Construction output slows

,

The total volume of construction output in the first quarter of 2012 increased by 1.3% compared to the same period in 2011.

 

Output has also shown quarter-on-quarter growth over the last three quarters.

 

But the current levels of output are still around 40% lower than peak output in 2007.

 

The industry had been stuck in a deep depression after the bursting of a property price bubble led to four years of falling output.

 

Thousands of jobs have been lost in the sector and a significant number of firms have gone out of business.

 

Most of the big construction firms have had to refocus on markets outside Northern Ireland and profits margins have been squeezed by intense competition.

 

The Northern Ireland Statistics and Research, NISRA, which produces the figures, said that while the increases in output over the previous two quarters were relatively small, the latest increase is much larger.

 

It said total output is approximately £30m more than the last quarter of 2011.

 

Although many large state projects are said to influence the rise in output.

Surveys have revealed that consruction firms are worse of than expected as statistics collected from companies house revealed.

 

This leaves a huge swathe of the industry in an extremely vulnerable position, having to count on full backing of the banks.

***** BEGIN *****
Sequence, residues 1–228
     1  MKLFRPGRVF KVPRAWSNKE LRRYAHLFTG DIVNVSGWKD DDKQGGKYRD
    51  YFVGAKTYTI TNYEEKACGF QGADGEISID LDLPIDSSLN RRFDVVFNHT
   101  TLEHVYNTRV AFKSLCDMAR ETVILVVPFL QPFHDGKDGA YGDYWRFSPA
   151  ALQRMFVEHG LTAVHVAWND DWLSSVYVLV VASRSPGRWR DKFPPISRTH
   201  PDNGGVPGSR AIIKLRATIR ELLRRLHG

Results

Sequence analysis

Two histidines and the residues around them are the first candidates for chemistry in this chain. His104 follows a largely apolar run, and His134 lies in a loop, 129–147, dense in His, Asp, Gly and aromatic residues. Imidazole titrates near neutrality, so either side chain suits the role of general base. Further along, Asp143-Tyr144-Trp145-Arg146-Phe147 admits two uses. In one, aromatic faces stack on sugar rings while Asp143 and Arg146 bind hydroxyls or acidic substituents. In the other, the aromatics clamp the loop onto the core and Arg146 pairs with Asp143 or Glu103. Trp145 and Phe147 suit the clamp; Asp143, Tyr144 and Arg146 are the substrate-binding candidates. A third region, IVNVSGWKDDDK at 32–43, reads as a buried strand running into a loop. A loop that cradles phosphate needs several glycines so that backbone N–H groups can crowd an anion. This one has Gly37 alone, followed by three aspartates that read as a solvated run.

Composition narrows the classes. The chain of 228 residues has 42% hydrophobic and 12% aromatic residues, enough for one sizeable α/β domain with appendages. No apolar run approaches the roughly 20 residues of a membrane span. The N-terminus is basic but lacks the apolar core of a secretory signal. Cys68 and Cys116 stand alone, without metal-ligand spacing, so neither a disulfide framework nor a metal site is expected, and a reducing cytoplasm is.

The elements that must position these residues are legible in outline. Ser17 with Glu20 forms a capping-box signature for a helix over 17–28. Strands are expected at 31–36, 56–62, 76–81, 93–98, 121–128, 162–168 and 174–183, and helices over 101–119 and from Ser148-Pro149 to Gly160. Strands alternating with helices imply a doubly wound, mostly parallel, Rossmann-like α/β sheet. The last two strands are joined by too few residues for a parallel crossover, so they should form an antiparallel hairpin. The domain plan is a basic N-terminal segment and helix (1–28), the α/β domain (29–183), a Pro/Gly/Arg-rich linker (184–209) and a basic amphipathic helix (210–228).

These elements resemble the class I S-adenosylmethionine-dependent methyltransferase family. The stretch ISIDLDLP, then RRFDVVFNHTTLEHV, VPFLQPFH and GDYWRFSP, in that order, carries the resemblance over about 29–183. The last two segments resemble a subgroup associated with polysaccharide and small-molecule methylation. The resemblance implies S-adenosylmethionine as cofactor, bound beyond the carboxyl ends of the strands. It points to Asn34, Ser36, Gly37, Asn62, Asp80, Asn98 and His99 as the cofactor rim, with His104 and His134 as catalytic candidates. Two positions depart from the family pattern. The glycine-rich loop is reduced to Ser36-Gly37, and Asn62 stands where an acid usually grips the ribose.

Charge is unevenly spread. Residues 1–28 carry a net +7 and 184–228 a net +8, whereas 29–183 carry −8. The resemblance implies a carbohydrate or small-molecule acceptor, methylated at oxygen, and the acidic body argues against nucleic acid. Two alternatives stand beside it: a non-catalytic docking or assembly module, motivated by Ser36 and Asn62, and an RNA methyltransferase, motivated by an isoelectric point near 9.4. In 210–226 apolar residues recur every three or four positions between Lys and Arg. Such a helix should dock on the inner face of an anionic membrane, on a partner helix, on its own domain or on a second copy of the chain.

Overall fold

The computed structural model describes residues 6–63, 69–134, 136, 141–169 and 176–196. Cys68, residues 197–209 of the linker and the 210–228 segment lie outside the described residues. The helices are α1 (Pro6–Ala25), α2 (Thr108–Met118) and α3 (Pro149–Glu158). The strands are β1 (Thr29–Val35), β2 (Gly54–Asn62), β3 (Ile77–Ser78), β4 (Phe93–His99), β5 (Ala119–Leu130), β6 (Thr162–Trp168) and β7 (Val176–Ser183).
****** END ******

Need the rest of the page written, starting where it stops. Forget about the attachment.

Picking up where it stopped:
Profits are falling fast among contractors turning over £2m-£25m, and the accountants predict one in 39 of these firms are likely to fall into financial distress over the next 12 months.

Almost one-quarter of construction contractors saw pre-tax profit plummet by half or more during 2011, with 41% recording a fall of between 10-20%.

It was a similar story for sub-contractors, where 25% saw profitability collapse by more than 50%, and 38% saw a fall of between 10-20%.

The picture was better for sales with just over a quarter of firms reporting sales declines of at least 10% last year compared to around 40% of firms the year before.

“The fact that profits are falling at a faster rate than sales suggests that companies are being hit hard by a double whammy of rising costs and falling margins, as they face an ever more desperate fight for sales,” said Mark Wilson, partner at Baker Tilly Restructuring and Recovery.

“Cutting margins to the bone might win more work in the short term, but it is very risky and in the long term it is counter-productive, as shown by the drastic fall in profit levels.”

Source construction enquirer

,